Arizona Coyotes: The Curious Case Of Christian Dvorak

BY Fansided and Jason Harrison/FanSided via Howlin' Hockey • December 26, 2016

Arizona Coyotes rookie Christian Dvorak’s name hasn’t come up much since the season started, and that trend happens with more than just the fans.

Arizona Coyotes rookie Christian Dvorak has been overlooked his entire career.

He graduated from second round draft pick to point scoring machine and Memorial Cup champion.

Dvorak sits in the shadow of bigger names like Dylan Strome and Clayton Keller in his own organization.

He probably has a beach ball sized chip on his shoulder.

The American born center has played in 30 games for the Yotes this season, producing 3 goals and 8 assists.

That ranks him highest on the team among rookies and, well, there have been a lot of rookies to take the ice for the Arizona Coyotes this season.

Curiously, however, Christian Dvorak has yet to earn head coach Dave Tippett’s trust. Recently he hovers around 9:00 of time on ice per game, and he hasn’t exceeded 11 minutes but once in the past six games.

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    In fact, since Arizona got shellacked by the Penguins on December 12th, Dvorak is averaging just under 10 minutes per game.

    It’s hard to make sense of that given the Coyotes’ struggles up the middle and their position in the standings. It’s not like there are better bodies to put out there ahead of Dvorak, and he could sorely use the experience going forward.

    So, what’s the deal with him being stapled to the bench?

    The Case For Christian Dvorak

    Simply put, he’s expected to be a big part of the Arizona Coyotes’ future and he needs to play.

    The team is bad, the results are poor, and that means he should be playing even more.

    Early in the season Dvorak hovered around 15 minutes per night. Now, he languishes on the bench late in games while the Yotes are playing catchup and sees very little power play time while forwards like Tobias Rieder and Shane Doan take up space on a power play unit ranked 26th in the league (14.6%).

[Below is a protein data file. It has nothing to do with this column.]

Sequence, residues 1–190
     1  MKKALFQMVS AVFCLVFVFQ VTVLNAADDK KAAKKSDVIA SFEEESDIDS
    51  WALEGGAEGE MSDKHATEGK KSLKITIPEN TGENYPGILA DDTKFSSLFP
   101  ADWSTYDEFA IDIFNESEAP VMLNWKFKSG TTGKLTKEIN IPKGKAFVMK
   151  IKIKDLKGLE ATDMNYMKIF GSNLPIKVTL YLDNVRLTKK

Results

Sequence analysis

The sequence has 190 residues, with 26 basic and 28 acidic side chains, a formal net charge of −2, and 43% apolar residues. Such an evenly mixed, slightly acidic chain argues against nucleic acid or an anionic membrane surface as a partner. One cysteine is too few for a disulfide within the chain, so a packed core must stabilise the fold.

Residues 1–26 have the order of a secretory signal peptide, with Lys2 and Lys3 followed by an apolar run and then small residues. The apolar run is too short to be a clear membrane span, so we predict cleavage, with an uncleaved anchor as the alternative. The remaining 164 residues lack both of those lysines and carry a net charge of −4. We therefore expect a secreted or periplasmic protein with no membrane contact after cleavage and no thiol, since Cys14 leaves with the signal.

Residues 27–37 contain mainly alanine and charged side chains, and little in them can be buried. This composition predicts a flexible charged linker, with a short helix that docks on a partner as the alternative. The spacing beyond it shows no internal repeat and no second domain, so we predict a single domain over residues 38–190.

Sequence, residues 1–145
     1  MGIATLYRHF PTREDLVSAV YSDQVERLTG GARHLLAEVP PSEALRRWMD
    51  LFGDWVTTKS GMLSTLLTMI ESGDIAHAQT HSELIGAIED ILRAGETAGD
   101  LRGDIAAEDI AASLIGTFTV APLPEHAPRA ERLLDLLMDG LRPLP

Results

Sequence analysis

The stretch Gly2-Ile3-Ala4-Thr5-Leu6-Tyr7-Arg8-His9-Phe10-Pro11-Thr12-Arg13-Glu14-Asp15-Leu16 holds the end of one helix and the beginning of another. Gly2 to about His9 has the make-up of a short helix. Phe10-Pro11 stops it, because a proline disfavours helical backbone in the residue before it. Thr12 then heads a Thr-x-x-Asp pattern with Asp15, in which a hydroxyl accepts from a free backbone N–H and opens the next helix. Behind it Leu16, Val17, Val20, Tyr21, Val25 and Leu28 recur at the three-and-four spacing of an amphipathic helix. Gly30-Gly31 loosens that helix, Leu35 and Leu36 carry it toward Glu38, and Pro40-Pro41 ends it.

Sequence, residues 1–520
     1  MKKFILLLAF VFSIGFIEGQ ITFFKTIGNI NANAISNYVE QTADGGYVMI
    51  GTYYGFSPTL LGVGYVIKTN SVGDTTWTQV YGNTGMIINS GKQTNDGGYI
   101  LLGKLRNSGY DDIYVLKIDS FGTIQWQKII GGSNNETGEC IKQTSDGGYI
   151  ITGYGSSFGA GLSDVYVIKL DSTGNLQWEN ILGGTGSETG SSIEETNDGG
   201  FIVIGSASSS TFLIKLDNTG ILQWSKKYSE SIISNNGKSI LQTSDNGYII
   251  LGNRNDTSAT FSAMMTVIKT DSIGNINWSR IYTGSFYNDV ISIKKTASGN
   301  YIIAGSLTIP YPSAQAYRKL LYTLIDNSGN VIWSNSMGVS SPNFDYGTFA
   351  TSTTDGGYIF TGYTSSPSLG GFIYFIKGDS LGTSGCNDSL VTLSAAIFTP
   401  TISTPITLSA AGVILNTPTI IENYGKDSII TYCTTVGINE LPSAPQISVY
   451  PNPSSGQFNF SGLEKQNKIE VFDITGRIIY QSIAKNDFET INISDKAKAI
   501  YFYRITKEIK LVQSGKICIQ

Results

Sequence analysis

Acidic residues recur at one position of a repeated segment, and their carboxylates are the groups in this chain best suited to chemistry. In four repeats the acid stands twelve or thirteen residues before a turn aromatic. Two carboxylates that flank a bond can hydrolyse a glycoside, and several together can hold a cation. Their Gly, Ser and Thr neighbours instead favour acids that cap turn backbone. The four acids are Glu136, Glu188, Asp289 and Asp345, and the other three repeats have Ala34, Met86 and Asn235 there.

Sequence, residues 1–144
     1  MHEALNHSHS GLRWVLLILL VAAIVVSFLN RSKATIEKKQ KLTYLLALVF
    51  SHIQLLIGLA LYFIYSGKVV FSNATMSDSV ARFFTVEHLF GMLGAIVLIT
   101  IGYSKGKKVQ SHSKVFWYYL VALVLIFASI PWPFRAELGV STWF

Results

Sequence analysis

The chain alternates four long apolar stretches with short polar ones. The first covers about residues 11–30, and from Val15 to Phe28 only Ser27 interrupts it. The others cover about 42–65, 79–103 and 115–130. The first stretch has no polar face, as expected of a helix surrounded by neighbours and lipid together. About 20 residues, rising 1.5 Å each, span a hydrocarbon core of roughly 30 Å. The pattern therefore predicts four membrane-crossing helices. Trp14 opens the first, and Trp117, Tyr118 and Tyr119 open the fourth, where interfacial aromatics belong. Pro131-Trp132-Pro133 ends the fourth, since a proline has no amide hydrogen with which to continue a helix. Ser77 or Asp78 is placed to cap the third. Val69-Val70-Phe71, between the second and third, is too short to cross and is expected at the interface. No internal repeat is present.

Dvo has the skill to make plays for Arizona offensively and the pedigree to get back and do his job in the opposite end.

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    It’s a much derided stat in today’s NHL, but it’s worth noting that Dvorak is plus-3 on the season. He’s the only player who has played more than 10 games who is in the positive.

    The Case Against Christian Dvorak

    If you’re looking for reasons why Dave Tippett might have a short leash on Dvo, there are a few.

    For starters, he is the worst possession player on the team.

    Dvorak’s 5v5 Corsi For percentage is an appalling 39.70%. Yikes.

    On top of that, though he has dressed in 30 games this season, the 20-year-old has put up a mere 23 shots on goal.

    Basically, Dvo is far too precious with the puck when he has an opportunity to shoot and doesn’t otherwise drive play in a positive direction.

    He’s also not exactly an All-Star in the face-off dot.

      Each of those issues could be chalked up to youth. Perhaps he defers so much because he is a rookie, and we all know that face-off prowess is typically an earned and learned skill in the NHL.

      The Curious Case of Christian Dvorak

      In summary, Dvo’s possession numbers are atrocious but few goals go into Mike Smith‘s net when he’s on the ice.

      He needs to shoot more and could provide a spark on the power play if given an opportunity.

      After lighting up junior hockey, Dvorak has more than earned his stay on the Arizona Coyotes.

      In fact, I would argue that he’s earned more than that.

      Tipp, John Chayka, and the rest of management need to step back from win now mode and put both eyes towards the future.

      It only helps the team grow if players like Dvorak, Anthony DeAngelo, Jakob Chychrun, and Lawson Crouse are playing heavier minutes than veterans who may not be here for long.

      The results might be ugly, but I’d argue they are already about as ugly as they can get.

      Let the kid(s) play.

      Put him in situations where he can spark the team offensively.

      It’s early days, but nothing I’ve seen dampens my hope for the ceiling of Christian Dvorak.



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